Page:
NEGOTIATING the often-rocky terrain of the environmental approvals process can be a daunting task for emerging miners, particularly those in the uranium space.
It is perhaps not surprising, then, that emerging uranium company Energy and Minerals Australia has appointed a chief executive with considerable experience in negotiating with government.
“I would say there’s sometimes an art of dealing with it but regulators aren’t there to make life difficult for you, they’re actually there to do a job,” Mr Tapp told Business News.
“If you can put yourself into their shoes and say ‘this is what they’re actually worried about and we collectively can solve these problems by doing these things’, you’ll find you get your approvals much quicker.”
In addition to Mr Tapp, EMA has appointed a high-profile chairman in former BC Iron managing director Mike Young, who successfully steered the iron ore miner to significant growth since founding the company in 2006.
EMA is one of several prospective uranium miners in Western Australia, alongside Toro Energy, Paladin Energy and Energia Minerals.
With Toro finally securing federal environmental approval for its Wiluna project last month after a number of delays, the key challenge facing these miners is a uranium spot price, which has plunged since reaching highs of $US130 per pound in 2007.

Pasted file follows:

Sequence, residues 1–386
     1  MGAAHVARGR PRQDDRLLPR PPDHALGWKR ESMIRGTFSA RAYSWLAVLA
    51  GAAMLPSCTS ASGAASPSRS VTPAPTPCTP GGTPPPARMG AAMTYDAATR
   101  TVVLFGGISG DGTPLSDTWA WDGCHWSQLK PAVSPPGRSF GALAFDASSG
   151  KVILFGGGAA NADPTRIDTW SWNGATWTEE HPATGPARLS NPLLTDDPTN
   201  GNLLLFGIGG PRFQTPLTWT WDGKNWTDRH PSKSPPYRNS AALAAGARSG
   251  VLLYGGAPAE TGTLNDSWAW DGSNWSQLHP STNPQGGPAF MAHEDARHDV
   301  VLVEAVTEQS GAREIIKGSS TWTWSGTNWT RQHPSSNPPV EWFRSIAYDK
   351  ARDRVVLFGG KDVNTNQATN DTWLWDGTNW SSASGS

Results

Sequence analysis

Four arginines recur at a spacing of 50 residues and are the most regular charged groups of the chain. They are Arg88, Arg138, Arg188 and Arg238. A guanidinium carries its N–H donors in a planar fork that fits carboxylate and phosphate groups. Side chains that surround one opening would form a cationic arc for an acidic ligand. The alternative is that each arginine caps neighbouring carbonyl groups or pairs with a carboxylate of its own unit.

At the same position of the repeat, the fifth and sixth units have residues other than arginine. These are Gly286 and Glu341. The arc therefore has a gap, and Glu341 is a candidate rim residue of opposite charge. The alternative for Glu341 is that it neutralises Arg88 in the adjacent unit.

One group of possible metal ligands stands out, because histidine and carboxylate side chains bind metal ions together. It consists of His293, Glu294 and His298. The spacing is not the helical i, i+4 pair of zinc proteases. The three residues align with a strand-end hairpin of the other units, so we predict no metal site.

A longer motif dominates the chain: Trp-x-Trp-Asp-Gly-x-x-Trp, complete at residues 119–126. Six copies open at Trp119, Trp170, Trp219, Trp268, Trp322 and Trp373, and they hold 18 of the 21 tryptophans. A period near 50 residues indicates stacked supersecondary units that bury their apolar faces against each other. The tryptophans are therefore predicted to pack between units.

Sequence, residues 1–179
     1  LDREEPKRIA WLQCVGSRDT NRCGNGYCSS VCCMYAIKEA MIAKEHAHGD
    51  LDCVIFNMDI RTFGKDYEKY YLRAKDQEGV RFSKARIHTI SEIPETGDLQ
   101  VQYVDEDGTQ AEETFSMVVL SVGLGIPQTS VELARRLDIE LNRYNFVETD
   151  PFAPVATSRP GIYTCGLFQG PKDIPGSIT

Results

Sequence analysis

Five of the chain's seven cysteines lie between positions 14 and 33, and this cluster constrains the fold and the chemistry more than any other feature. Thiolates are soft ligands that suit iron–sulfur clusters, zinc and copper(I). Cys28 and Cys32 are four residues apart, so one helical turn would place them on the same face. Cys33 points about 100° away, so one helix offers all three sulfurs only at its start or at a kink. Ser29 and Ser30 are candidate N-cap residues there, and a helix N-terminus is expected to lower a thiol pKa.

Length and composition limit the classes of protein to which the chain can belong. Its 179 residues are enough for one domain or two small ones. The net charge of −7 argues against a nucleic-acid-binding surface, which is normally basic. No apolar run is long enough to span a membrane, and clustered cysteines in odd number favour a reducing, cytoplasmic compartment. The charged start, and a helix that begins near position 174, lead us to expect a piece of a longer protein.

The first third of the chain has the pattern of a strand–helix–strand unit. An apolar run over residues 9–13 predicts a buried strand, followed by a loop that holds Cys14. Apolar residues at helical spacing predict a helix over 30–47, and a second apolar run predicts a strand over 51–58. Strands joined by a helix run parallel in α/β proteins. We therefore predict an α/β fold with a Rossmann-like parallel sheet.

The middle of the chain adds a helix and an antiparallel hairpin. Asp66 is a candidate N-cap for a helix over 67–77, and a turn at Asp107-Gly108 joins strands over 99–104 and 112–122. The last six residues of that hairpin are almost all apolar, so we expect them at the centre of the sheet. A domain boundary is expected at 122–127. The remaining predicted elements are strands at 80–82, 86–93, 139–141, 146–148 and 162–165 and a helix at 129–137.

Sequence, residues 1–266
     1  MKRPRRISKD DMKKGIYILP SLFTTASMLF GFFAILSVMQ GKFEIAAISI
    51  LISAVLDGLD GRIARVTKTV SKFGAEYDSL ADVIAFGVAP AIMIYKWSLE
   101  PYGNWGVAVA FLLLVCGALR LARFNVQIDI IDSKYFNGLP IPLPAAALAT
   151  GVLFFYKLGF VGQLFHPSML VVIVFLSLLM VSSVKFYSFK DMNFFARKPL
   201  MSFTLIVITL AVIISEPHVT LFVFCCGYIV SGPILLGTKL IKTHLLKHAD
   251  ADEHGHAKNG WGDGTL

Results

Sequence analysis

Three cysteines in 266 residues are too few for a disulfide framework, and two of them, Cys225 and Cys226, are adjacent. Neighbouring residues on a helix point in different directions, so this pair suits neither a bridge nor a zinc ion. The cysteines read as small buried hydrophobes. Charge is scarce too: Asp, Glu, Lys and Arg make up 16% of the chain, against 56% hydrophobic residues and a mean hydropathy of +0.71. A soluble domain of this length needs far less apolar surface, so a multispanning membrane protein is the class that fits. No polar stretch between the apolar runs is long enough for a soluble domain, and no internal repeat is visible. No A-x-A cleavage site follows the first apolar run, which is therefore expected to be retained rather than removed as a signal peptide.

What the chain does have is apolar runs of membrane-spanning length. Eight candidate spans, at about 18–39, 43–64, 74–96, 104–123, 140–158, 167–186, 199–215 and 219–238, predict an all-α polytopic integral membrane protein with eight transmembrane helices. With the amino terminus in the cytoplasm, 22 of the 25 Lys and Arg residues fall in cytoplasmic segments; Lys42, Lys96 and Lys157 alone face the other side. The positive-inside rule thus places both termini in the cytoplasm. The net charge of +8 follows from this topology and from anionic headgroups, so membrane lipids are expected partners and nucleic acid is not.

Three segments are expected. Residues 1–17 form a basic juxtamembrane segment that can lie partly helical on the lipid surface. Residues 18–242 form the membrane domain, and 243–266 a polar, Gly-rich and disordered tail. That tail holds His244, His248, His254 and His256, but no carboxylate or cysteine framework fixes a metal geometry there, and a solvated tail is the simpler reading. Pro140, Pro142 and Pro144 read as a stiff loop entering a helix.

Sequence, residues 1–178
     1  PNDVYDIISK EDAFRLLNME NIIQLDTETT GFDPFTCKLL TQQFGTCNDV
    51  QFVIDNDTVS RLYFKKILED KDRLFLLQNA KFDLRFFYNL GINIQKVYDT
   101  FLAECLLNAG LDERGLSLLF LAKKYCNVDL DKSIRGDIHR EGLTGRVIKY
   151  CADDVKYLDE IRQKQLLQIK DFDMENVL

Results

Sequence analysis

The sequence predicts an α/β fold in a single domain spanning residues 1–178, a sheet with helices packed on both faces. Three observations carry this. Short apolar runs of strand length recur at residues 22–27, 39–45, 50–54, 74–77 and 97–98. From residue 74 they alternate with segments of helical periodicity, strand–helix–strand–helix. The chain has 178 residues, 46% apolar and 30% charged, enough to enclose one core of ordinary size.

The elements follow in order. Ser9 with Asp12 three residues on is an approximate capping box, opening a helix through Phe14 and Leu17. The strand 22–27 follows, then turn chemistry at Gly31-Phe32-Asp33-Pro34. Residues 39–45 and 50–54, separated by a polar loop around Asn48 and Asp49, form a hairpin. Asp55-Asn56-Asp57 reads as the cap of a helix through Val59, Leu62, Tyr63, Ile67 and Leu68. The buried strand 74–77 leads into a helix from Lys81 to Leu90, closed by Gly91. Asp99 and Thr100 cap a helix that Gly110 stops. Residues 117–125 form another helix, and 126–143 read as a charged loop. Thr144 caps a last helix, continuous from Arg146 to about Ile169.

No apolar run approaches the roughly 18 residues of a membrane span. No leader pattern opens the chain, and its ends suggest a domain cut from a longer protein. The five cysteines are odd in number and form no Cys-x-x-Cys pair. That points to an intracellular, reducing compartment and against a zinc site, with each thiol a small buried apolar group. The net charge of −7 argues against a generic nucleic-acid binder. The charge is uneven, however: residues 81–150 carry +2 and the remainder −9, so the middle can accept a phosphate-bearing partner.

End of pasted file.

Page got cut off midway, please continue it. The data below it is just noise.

The spot price climbed to a recent peak of $US64/lb at the beginning of 2011 but dropped in the wake of the Fukushima nuclear disaster in Japan two months later and currently sits at just $US40 per pound.
This is well below the $US70 per pound generally thought to be the necessary benchmark for production.
An economist by trade who has specialised in forecasting for companies such as BP and Ford, Mr Tapp believes the strength of China’s projected reactor build program is cause for confidence.
“Contrary to what some people would have you believe, the net creation of reactors is quite strong and it’s going to grow over the next 10 years,” Mr Tapp said.
“The fundamentals are that the supply is less than the demand is, and my view would be sometime between now and 2017 the price is going to go up enough to bring new mines in.”
EMA’s central focus is its Mulga Rock project, located around 240 kilometres north-east of Kalgoorlie. Initial drilling uncovered an inferred resource of 62 million pounds from four separate deposits and the company hopes to produce about 1,400 tonnes of uranium concentrate per year.
A positive aspect of the remote location of the Mulga Rock site is that it removes “a whole chunk of potential difficulty” from the approvals process, Mr Tapp said.
“It’s so arid and barren that it doesn’t support enough animal life for people to live there, and there’s no water,” he said.
“We already have the mining licences issued and there was no Native Title.”
A key challenge for EMA will be securing capital in a competitive market.
While EMA’s convertible note holders Acorn Capital, Macquarie Bank and Element Resources Fund have agreed to extend the deadline for a $15 million equity raising from March to September this year, Mr Tapp acknowledges the market is difficult at the moment.
He said EMA’s immediate focus would be on completing further drilling and metallurgy work with the aim of preparing a Public Environmental Review by the end of the year. The company hopes to make an investment decision around the middle of 2015 before starting construction and production in 2016.